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Gore Wins Decisive Victories

Bush Captures 5 States as McCain Takes 3 GOP senator and Democrat Bradley are expected to reassess campaigns as front-runners move closer to securing parties' nominations.

March 08, 2000|From Associated Press

Vice President Al Gore swept past Bill Bradley in state after state in Tuesdays voting, pushing his rival to the brink of withdrawal in the Democratic presidential campaign and turning his own gaze to the general election.

Gore won from Maine to Georgia to Ohio and in several states in between, sometimes by outsized margins. He also bid for victory in California, the biggest prize on the busiest night of the primary season.

Watching the returns contentedly from a hotel room in his home state of Tennessee, Gore sought to begin unifying the party. "I have the greatest respect for Senator Bradley," said the vice president, who had attacked the former senator vigorously in campaign debates.

Polling place interviews with voters in every region of the country underscored Gore's strength among core constituencies.

Blacks and Latinos preferred Gore over Bradley by a margin of 8 to 1; the margin among union members was a healthy 3 to 1. Bradley fared better among independents. The exit polling was conducted by Voter News Service, a consortium of the AP and television networks.

"Come what may, we will not be dropping out this evening," said Eric Hauser, Bradley's spokesman, shortly before polls began closing in the early states. He said the campaign would have an announcement on Wednesday "about our plan for Thursday and beyond."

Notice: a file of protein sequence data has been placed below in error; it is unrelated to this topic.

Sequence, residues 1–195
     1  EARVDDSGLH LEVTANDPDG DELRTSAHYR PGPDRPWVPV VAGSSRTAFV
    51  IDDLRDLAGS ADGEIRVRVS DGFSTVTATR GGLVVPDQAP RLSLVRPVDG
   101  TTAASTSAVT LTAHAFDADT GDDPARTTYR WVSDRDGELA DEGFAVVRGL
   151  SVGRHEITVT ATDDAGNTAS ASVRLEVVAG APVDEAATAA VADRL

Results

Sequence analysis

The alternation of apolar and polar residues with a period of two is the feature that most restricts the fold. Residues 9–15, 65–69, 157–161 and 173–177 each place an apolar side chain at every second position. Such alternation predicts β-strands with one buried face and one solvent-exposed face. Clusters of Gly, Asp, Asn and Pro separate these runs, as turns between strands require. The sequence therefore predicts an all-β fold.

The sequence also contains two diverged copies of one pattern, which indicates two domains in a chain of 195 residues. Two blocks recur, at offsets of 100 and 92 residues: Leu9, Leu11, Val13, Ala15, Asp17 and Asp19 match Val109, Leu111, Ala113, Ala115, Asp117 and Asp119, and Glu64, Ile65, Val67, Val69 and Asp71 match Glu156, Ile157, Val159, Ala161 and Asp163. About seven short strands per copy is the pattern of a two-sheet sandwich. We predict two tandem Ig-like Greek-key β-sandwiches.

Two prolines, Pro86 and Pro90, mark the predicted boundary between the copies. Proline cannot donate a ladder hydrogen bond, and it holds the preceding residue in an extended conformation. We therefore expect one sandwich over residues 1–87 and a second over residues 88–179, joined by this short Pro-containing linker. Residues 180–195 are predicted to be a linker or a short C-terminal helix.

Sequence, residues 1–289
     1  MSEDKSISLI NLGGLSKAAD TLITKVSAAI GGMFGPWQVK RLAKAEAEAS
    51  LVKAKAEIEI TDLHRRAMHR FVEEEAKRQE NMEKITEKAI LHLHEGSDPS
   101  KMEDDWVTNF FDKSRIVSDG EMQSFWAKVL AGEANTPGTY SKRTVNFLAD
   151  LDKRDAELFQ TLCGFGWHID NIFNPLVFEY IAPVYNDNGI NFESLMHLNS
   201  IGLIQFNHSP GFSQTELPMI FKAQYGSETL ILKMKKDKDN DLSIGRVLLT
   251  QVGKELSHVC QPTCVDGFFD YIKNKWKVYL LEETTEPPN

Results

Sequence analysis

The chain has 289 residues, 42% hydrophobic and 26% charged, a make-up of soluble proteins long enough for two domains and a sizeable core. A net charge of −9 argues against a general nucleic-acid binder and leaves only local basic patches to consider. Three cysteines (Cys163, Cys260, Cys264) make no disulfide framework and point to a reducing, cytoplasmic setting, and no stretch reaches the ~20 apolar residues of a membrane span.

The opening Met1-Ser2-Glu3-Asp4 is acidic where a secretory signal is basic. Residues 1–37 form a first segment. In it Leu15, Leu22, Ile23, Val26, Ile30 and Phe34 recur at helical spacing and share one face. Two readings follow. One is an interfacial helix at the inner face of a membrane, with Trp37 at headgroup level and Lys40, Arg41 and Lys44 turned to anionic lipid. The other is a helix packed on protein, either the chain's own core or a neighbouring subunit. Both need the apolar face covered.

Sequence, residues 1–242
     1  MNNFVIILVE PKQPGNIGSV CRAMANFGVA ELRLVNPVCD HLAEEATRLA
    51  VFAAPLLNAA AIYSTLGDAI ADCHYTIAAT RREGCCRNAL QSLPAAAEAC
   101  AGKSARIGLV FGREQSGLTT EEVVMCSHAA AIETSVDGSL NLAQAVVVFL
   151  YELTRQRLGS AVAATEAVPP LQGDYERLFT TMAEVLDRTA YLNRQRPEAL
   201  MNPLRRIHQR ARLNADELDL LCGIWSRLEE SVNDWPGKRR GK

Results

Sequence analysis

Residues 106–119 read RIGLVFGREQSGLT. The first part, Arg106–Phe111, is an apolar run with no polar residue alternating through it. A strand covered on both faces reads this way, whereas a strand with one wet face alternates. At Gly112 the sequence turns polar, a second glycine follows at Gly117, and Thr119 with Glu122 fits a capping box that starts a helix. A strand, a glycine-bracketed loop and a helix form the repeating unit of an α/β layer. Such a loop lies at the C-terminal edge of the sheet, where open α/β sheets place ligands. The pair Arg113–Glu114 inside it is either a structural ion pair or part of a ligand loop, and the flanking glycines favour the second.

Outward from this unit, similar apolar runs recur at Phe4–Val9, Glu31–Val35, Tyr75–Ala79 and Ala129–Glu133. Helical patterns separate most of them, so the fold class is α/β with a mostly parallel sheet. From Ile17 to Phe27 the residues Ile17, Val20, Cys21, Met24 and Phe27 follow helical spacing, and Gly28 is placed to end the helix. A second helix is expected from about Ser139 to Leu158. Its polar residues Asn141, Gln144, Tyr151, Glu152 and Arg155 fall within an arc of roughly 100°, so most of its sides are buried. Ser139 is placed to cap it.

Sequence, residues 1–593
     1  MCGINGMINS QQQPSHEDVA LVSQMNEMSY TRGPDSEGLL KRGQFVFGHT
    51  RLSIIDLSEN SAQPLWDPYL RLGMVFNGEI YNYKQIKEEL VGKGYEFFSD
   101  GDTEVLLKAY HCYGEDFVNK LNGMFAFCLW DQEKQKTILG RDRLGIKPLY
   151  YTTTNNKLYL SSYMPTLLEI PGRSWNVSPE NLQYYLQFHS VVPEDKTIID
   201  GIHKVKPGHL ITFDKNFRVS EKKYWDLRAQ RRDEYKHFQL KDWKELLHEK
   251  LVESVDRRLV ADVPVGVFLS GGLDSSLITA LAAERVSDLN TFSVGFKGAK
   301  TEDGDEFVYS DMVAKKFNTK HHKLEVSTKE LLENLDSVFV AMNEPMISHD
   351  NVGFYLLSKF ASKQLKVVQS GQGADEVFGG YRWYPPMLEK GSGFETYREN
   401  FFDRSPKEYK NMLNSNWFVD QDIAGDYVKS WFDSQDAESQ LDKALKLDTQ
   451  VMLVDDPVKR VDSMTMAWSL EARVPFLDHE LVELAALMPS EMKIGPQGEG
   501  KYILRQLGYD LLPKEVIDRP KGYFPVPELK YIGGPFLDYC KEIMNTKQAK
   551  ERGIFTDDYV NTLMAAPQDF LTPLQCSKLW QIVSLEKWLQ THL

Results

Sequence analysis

Advisors to the former senator from New Jersey did not discourage talk of a withdrawal if--as the Bradley forces clearly expected--Gore was en route to a rout, possibly even a sweep of primaries in all regions of the country.

Gore defeated Bradley in the New England states of Maine, Vermont, Connecticut and Massachusetts. He triumphed, as well, in Georgia, where he was winning roughly 80% of the vote; Ohio, roughly 70%; and Maryland and Missouri, roughly 60%.

Bradley came closest in Vermont, where he was gaining 44% of the vote.

Speaking in Tennessee, Gore looked ahead to the general election, saying, "Tonight I want to reach out to all who believe that this is a time for great progress, for great reform, for an America of tolerance and high ideals."

"We need to build on our record of prosperity. We don't need to go back to where we were eight years ago," he told cheering supporters.

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